Culture, Commentary, and the Human Condition
      For those of you who somehow are unaware, The Twilight Zone is a cultural landmark and to call it “influential” would be the understatement of the century in this dimension and the rest. It was an incredibly popular show that took risks and played with formats, each episode having its own meaning, yet fitting in to the overarching theme of the show. It was an expansive universe, sprawling between half-hour and hour long episodes, that extended into other mediums. I even found a few Twilight Zone books that I absolutely cherish. So much of modern entertainment has been influenced by it that naming just a few titles would be an injustice, as the range goes far beyond Sci Fi shows. Replaying episodes and creative ways of escaping censorship have origins with The Twilight Zone. Even mainstream comedies and dramas give their regards to the phenomenon, so why does anybody feel the need to dredge it through the mud in yet another completely unnecessary and, moreso, insulting remake?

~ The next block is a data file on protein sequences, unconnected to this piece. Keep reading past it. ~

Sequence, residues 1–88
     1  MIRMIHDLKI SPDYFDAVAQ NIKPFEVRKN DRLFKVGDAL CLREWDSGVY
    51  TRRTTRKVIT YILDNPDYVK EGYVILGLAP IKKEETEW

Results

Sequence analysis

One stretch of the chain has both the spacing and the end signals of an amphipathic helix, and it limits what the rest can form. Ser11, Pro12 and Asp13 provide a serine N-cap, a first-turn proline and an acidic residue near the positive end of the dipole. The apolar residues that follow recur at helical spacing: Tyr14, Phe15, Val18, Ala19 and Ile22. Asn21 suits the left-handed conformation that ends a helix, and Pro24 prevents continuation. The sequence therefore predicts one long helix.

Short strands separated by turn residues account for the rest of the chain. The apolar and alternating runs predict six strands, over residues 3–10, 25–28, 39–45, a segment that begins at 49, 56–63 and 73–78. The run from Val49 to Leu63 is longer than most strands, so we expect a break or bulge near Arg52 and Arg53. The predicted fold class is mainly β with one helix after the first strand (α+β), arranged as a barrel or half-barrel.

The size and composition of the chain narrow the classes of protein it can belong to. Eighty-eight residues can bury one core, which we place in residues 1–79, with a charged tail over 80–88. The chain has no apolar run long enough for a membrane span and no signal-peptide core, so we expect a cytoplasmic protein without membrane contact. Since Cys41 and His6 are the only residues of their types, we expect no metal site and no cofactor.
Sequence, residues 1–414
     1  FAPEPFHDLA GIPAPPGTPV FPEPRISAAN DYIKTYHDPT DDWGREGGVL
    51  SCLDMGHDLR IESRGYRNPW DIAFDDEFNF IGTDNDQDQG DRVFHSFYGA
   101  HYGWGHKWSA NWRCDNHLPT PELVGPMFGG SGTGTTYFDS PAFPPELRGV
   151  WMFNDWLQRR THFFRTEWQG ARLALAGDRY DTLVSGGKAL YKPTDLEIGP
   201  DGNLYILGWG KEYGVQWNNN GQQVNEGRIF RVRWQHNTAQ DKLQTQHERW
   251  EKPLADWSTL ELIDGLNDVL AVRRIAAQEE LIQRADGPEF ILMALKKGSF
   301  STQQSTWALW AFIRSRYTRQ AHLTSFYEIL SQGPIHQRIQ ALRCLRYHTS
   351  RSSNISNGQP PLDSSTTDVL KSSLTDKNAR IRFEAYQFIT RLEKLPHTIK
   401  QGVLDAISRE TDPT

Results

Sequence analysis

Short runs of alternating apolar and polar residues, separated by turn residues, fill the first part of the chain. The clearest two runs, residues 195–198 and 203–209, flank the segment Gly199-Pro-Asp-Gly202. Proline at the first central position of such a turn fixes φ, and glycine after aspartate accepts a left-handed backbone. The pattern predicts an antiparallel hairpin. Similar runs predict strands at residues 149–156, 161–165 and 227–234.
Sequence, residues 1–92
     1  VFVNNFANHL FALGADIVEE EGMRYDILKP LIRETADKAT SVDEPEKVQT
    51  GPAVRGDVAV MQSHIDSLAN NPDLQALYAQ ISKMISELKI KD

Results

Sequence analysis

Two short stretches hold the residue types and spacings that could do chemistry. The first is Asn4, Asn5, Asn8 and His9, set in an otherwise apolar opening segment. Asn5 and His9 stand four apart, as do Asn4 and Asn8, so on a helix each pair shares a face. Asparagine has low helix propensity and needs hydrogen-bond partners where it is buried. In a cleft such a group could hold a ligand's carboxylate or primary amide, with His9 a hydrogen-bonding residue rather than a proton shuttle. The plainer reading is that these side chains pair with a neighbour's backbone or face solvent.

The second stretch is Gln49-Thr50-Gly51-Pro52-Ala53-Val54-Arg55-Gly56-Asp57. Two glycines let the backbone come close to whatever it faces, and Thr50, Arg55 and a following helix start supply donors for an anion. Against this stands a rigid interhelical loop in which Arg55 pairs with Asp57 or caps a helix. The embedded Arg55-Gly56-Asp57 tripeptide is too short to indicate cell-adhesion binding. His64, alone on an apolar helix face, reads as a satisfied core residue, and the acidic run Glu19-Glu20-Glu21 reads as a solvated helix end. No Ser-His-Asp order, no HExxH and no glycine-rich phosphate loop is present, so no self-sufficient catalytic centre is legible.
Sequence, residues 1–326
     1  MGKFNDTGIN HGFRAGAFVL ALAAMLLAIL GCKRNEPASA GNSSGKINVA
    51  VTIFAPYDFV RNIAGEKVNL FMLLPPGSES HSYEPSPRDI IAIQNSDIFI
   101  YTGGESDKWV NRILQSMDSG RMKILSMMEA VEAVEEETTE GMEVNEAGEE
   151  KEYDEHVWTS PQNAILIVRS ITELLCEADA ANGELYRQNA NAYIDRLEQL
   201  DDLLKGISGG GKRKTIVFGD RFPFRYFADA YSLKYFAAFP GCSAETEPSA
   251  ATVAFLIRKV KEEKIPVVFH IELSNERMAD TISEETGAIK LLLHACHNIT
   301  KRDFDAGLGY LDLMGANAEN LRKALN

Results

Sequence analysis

Given the general consensus of “meh” towards the second remake to give some extra push to the writers along with the renaissance of SciFi/Horror in recent years, I actually don’t doubt that this version won’t suck, to put it bluntly. I have faith in Jordan Peele and I was glad to hear that he is trying to find his own voice in the Narrator role. Get Out, despite having plot holes that you could sail a ship through, was a good, strong movie and Us is absolutely blowing up right now, which does make this the perfect time for this premiere, as I’m sure was preplanned. The choice of host was clever and suitable, as The Twilight Zone was smart, often tinged with humor, and hit upon both universal themes as well as modern issues. It looked to the past and to the future, being critical of the now and the always. We have been able to glimpse the ability to take on these views in Peele’s work. There is a decent chance some of his works were in some way inspired by The Twilight Zone and made his own, as is the best way to get into the psyche of Sci Fi/ Horror- building. Serling even had a humor to him, which doesn’t seem to be too well known, but it’s a necessary part of truly being able to flesh out the human experience.